A View of Central Banks in Latin America

On June 22, 2017, Mexico’s Central Bank (Banxico) made another hike in its policy rate, saying that it was consistent with the efficient convergence process of the 3% inflation objective.  For Banxico, this is the fourth adjustment of the year, and the 19th since Banxico started a rising rates cycle in late 2015.  With all the global economic uncertainty, are we seeing the same trends in other countries of the region?  Let’s take a deeper look into what the central banks of Brazil, Chile, Colombia, and Peru have done in the past couple of years and how inflation is one of the main objectives for the changes in policy rates.

First, Exhibit 1 presents the historical policy rates since 2005 of these countries, and Exhibit 2 shows the actual policy rates of the central banks with their target inflations, actual inflations, and adjustments in the policy rates since 2016.  We can see how Peru hasn’t made many adjustments since 2016, with a total of only two in February 2016 and May 2017, leaving the policy rate at 4%—where it was at the beginning of 2016.  Meanwhile, Colombia and Mexico have changed their overnight rates 10 and 9 times, respectively.  Colombia had a cycle of increases in 2016 but decreased rates in 2017, closing May 2017 50 bps above since the start of 2016 (the Central Bank of Colombia has a meeting on June 30, 2017).  On the other hand, Mexico has increased rates by 400 bps after they were steady at 3%, a historical low, for more than 1.5 years.  Also, note that the last adjustment for all central banks has been on the downhill with the exception of Mexico.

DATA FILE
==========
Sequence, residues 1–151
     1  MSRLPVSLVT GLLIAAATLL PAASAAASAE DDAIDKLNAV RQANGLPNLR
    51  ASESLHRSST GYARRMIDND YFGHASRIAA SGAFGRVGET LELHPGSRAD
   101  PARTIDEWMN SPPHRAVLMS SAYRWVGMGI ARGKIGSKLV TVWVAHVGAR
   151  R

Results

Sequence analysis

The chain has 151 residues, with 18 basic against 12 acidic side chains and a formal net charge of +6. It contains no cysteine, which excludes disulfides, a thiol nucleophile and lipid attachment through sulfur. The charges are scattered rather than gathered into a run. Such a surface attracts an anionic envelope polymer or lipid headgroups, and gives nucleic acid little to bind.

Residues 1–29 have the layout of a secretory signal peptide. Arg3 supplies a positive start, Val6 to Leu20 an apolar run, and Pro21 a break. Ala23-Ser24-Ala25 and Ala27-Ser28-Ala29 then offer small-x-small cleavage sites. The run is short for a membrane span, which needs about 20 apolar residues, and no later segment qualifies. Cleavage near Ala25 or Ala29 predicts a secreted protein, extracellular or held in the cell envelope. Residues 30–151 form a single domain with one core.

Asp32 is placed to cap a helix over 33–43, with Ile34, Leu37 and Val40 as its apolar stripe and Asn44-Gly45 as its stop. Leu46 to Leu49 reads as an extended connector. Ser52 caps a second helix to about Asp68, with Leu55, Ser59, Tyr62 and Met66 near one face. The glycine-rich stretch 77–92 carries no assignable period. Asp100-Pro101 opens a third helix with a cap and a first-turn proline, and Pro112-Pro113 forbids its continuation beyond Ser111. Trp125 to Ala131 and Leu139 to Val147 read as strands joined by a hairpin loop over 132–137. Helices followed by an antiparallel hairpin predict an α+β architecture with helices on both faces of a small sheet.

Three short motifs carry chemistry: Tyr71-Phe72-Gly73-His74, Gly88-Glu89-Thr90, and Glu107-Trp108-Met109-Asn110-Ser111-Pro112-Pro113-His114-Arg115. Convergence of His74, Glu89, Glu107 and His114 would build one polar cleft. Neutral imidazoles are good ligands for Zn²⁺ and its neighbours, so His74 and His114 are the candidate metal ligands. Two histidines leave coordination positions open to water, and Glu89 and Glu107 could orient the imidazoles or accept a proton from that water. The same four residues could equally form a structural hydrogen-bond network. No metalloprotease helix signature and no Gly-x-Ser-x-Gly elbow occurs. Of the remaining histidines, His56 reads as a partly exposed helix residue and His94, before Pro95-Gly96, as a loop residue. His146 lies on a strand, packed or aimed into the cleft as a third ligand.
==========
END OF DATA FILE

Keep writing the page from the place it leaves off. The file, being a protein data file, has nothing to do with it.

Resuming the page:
One of the key components influencing policy rate decisions is inflation.  For Mexico, it is the main point Banxico has mentioned in their past announcements.  Taking into account market movements and inflation, Exhibits 3 and 4 show the performance and annual returns of the S&P DJI’s inflation-linked bond indices for these countries.

Source: S&P Dow Jones Indices LLC.  Data as of June 23, 2017.  Past performance is no guarantee of future results.  Table is provided for illustrative purposes. For more information, please see: S&P/BM&F Brazil Sovereign Inflation-Linked Series B Bond IndexS&P Chile Sovereign Inflation-Linked Bond IndexS&P Colombia Sovereign Inflation-Linked Bond IndexS&P/BMV Government Inflation-Linked UDIBONOS 1+ Year Bond IndexS&P Peru Sovereign Inflation-Linked Bond Index.

It is interesting how inflation-linked bonds have performed in Peru in 2017, since its inflation is at -0.42% year-over-year as of June 23, 2017.  Also, as discussed in the paper “Liquid by Design-Building Inflation-Linked Bond Indices,” inflation in Brazil has been a concern, leading the inflation-linked bonds to outperform their peers for the past one, three, five, and seven years.

The posts on this blog are opinions, not advice. Please read our disclaimers.

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